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Microscopic and phenomenological theory of unusual metallic systems in the normal and superconducting states

The aim of the joint project was to study systems with a strong electron-phonon interaction in the normal and superconducting states, and systems showing structural phase transitions. Detailed investigations were made to study the electron-phonon interaction and related properties for a number of simple and transition metals. For these studies the density functional theory and a band structure approach were used.

It was shown that the band structure approach together with Eliashberg's equations describes surprisingly well properties such as the electrical resistivity, the thermal conductivity, and the electron-phonon coupling constant even for non-trivial materials such as transition metals with considerably strong exchange correlation interaction.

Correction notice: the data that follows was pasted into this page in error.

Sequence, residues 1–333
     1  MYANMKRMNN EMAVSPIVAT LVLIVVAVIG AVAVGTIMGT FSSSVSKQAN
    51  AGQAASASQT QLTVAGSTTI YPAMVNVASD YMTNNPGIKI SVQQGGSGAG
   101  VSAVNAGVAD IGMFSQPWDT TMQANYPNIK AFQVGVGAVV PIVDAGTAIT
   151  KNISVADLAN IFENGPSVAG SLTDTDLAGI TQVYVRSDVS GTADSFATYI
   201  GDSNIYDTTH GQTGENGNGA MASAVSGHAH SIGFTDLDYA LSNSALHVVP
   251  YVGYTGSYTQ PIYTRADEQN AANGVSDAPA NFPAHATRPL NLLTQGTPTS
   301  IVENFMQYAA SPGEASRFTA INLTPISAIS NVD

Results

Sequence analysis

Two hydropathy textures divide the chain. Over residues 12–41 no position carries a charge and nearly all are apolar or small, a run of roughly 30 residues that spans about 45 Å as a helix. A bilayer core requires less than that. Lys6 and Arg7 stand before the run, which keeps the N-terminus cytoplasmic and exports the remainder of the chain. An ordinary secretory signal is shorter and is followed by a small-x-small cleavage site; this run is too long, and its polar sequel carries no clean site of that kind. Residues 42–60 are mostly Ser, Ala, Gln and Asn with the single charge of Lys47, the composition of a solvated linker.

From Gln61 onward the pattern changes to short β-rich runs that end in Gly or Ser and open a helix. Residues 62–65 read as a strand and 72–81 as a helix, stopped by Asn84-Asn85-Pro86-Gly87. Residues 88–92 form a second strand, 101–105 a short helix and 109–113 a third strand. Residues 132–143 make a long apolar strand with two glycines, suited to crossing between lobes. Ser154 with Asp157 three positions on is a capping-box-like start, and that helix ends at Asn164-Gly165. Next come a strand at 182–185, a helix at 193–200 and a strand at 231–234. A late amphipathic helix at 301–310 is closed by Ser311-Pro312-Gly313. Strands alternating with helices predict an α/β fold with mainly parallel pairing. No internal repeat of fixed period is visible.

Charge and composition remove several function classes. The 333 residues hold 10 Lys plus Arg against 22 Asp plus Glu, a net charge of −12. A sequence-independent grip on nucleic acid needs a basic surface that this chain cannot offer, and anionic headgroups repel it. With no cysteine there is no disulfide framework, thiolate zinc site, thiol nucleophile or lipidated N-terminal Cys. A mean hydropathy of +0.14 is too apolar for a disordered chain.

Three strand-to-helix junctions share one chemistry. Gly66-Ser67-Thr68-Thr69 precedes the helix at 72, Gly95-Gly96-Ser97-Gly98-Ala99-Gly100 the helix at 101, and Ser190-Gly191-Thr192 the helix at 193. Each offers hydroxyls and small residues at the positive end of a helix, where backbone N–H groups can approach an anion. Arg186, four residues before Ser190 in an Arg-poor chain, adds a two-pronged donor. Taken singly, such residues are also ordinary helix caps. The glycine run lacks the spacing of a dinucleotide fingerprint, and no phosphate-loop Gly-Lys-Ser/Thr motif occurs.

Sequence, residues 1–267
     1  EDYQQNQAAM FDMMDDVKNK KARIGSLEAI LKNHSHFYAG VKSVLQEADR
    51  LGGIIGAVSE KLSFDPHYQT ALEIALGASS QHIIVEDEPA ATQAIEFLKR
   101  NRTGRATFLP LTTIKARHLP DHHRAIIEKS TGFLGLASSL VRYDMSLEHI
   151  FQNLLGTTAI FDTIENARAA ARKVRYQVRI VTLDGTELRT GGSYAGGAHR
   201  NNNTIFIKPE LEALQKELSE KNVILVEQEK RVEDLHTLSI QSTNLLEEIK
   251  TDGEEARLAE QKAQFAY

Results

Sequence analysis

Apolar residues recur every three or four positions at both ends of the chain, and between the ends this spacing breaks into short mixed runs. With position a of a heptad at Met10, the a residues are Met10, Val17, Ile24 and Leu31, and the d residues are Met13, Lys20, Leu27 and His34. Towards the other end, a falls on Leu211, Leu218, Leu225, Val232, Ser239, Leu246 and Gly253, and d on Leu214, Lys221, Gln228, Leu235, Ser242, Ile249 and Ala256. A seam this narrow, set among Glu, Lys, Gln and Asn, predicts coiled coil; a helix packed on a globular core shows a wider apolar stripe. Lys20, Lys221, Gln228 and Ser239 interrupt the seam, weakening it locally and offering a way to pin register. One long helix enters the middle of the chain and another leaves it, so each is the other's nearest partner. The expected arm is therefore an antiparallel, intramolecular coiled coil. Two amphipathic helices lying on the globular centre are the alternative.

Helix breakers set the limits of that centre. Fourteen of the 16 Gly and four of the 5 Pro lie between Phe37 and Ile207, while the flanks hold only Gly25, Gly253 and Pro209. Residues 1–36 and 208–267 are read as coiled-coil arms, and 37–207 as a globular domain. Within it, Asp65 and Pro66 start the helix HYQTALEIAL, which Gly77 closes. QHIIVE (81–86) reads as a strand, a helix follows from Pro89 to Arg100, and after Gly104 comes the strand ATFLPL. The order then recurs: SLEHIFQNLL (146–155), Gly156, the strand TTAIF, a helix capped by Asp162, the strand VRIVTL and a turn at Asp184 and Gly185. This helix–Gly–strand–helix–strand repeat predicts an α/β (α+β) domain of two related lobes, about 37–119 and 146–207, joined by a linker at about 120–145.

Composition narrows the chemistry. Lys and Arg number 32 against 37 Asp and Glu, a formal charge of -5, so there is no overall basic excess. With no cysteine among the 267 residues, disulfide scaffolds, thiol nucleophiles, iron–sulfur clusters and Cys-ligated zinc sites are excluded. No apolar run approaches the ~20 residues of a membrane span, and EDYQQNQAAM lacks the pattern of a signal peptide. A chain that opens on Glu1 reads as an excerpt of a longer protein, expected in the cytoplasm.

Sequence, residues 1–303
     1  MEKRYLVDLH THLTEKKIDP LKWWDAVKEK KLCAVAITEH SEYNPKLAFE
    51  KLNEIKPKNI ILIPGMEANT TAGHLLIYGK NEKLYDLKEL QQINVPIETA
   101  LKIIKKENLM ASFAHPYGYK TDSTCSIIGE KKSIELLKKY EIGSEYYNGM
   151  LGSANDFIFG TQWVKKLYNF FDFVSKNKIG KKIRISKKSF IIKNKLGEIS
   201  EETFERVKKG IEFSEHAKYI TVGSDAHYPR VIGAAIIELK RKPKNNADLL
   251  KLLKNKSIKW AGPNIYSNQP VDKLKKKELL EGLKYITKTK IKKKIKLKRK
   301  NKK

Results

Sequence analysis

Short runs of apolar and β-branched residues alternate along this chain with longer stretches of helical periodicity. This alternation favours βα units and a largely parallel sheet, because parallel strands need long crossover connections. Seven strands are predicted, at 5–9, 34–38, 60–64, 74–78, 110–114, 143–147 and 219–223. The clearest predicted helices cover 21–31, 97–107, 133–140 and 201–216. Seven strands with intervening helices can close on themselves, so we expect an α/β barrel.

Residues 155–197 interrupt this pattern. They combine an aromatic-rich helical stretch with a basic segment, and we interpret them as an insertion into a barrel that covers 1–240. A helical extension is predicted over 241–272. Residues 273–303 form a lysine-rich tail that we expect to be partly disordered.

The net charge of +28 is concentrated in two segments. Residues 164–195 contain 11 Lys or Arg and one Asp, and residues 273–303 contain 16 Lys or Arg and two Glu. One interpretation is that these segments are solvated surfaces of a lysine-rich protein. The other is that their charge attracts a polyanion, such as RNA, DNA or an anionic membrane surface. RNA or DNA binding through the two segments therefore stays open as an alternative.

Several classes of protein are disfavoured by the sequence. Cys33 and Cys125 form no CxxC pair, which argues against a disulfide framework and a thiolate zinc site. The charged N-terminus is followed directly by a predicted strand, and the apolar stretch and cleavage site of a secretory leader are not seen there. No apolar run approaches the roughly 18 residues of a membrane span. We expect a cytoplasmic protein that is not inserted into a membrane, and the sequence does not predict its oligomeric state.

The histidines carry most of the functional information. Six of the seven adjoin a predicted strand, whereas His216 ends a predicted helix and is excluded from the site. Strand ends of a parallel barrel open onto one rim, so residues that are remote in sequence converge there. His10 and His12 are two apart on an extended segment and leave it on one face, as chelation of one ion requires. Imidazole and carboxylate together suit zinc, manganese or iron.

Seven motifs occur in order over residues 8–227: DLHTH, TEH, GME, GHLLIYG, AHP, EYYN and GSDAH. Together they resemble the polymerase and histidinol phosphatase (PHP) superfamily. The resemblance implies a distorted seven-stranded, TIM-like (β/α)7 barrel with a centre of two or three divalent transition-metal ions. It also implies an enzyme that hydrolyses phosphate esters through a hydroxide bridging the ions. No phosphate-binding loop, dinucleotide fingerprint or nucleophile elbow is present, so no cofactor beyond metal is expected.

It was shown using many-body perturbation theory and Landau's theory of Fermi-liquids that the accuracy of the developed methods is the same as the accuracy for the application of Landau's theory. The accuracy is controlled by the smallness of average phonon frequencies in comparison with characteristic electron energies. The investigations of the problem of high-temperature superconductivity were continued. It was shown that their many-body correlation effects together with a strong electron-phonon interaction and impurity scattering can explain successfully the microwave and infrared properties of these systems. The generalized Kim-Gordon approach was applied to study the phonon frequencies of ionic crystals and their dependence on the pressure with a good success. The ferroelectric instability in some perovskite crystals was studied, and good agreement with experimental data was obtained.

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